ADHD: We're Not All the Same

Photo: ©Zoë Kessler, 2012

Recently, I received a comment that raised some good points but also the need for clarification, especially for those who are new to my blog, who are newly diagnosed, or who are considering an ADHD diagnosis.

We’ll call the commenter “Kim,” as she wrote her comment anonymously.

Sharing my story, and possibly yours

Kim took issue with the fact that my description of ADHD does not reflect hers. While my blog covers interviews with ADHD experts, reviews books and ADHD documentaries, and shares news about developments in the field, I also write many pieces that are deeply personal.

As stated in the introduction to my blog, when I write a personal story, it’s from my own perspective as a woman who was diagnosed late in life, living with ADHD.

ADHD or me?

Kim accurately pointed out that,

“ADHD is probably not responsible for every single minute eccentricity you experience…”

One oft-heard debate is the portrayal of a person with ADHD as being ADHD as opposed to being a person with ADHD. While I’m not always careful with the distinction, let me say for the record, I’m firmly in the latter camp. I’m much more than the sum of my ADHD traits, and when I write a personal story I’ll sometimes blur the lines between what is clearly an ADHD-related symptom and what isn’t.

ADHD shapes the way I move in the world. How I hear, interpret, experience, and respond to life comes from a brain with ADHD-specific differences.


Kim said,

“I feel like sometimes you make incorrect generalizations about people with ADHD based on your own experiences but those are your experiences, not mine.”

By definition, all generalizations are technically inaccurate. A generalization is used to portray the flavor of something, not the individual ingredients. When I generalize from my own experiences, those with similar symptoms and life experiences tell me they feel validated, relieved, and supported.

If, like Kim, your particular experience of ADHD feels radically different to mine, one way of looking at it is that you’re learning more about the diversity of experiences of people with ADHD. Another option is to find a blog written by someone whose experience of ADHD is similar to yours.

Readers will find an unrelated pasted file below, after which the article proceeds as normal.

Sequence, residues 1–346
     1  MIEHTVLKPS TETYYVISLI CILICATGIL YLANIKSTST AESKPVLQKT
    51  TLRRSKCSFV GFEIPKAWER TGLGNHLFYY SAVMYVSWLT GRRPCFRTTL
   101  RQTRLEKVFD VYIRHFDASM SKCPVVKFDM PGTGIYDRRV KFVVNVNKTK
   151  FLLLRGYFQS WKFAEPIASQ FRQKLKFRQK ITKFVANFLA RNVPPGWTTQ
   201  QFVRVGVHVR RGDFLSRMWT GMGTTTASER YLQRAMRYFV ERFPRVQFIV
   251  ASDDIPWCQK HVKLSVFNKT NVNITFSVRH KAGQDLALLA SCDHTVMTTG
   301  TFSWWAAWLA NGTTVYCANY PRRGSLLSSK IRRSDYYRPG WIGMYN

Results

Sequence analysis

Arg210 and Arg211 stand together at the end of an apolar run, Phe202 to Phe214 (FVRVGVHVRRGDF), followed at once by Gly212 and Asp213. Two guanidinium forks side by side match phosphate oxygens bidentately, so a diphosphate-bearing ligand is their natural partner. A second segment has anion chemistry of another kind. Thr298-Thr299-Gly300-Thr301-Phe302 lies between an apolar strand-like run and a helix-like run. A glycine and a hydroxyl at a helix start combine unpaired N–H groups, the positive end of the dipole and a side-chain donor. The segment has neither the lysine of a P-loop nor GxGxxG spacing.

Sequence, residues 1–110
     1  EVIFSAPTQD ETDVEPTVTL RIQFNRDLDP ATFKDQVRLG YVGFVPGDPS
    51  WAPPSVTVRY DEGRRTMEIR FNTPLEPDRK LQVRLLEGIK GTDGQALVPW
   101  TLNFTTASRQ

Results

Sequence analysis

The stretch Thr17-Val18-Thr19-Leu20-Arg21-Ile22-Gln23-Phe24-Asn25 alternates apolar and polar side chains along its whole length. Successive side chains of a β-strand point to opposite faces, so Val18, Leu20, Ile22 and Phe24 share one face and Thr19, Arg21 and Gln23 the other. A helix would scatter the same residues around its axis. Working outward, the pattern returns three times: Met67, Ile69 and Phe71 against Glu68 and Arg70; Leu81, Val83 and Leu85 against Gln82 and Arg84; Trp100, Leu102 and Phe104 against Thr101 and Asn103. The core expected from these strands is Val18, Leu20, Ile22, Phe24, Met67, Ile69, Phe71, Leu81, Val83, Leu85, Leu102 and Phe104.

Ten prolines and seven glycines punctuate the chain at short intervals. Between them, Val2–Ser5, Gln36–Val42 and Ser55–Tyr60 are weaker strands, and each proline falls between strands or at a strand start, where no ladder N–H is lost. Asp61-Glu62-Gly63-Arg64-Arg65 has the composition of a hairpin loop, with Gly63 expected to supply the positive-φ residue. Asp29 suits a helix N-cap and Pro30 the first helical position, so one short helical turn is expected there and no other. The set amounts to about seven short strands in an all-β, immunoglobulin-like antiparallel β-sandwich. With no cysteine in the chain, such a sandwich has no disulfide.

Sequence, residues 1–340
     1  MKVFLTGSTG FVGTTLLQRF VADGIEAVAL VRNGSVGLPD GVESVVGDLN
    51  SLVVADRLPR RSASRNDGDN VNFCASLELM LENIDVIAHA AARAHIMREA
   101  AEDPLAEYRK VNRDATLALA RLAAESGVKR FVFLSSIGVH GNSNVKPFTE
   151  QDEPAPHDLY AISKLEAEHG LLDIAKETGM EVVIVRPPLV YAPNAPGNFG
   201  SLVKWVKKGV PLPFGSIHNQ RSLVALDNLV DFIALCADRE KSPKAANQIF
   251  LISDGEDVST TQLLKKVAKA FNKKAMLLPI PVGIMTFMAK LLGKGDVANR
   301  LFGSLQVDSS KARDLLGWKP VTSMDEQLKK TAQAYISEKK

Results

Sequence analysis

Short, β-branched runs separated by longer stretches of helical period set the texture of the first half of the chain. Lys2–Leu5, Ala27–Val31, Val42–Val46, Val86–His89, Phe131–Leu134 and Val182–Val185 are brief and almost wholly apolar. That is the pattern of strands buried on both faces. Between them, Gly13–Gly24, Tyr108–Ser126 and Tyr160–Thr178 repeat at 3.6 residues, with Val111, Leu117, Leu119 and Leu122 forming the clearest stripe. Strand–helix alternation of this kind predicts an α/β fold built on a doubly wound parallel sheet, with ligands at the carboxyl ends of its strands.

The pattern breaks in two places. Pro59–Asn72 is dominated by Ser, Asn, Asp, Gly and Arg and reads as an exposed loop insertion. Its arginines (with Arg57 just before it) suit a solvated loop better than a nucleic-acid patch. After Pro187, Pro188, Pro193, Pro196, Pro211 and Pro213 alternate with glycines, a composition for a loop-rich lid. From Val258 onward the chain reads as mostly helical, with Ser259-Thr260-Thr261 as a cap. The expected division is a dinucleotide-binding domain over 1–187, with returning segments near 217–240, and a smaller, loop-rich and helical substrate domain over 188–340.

What is ADHD?

I’d like to thank Kim for sharing personal details from her life. It’s a great illustration of just how different we can be, even though we share the same diagnosis of ADD/ADHD.

For those who are just learning about this neurobiological condition, let me clarify the current understanding of what ADD/ADHD is. Let me also state that this viewpoint is in flux. Current research, including the work of Dr. Russell Barkley and others regarding the brain’s executive functioning, as well as other areas of research, are poised to change or at least alter our definition of ADHD sooner rather than later.

That said, I look at ADHD as a bag of traits such as disorganization, impulsivity, distractibility, and many more. Everyone who’s been diagnosed with ADHD has put her hand into the bag, and pulled out a bunch of traits. Your handful of traits will be different from mine. Also, each ADHD trait will fall somewhere on a spectrum from very minor to severe.

An emerging definition of ADHD

As we prepare for the new edition of the Diagnostic and Statistical Manual of Mental Disorders (DSM 5), there’s been lots of debate and controversy over how to define ADHD. An emerging school of thought suggests that it is far more helpful from a clinical perspective to take a more holistic view of the person with ADHD (coincidentally, as I try to do here in my blog by giving my story in context, not just as a grocery list of symptoms).

One approach has been developed by Dr. Timothy Bilkey, of the Ontario Bilkey ADHD Clinics, an adult psychiatrist specializing in ADHD. Dr. Bilkey uses ten profiles to describe the lives of those living with ADHD.

While Kim might recognize herself in one of these descriptions and I might recognize myself in another (or several of them), using this diagnostic tool would end the “your versus my ADHD” debate.

This approach, unlike the current list of symptoms approach, takes into account that ADHD is context-driven. It’s clear from Kim’s comments that her experience of ADHD differs wildly from mine. Part of this could be that, as reflected in Bilkey’s ten profiles, certain situations will trigger my symptoms but other contexts might trigger or exacerbate yours. From this one can see how my personal experiences as expressed in my blog might not look anything like yours.

Next week, I’ll address Kim’s comment that my post presented an egregious “Us vs Them” argument. Stay tuned!


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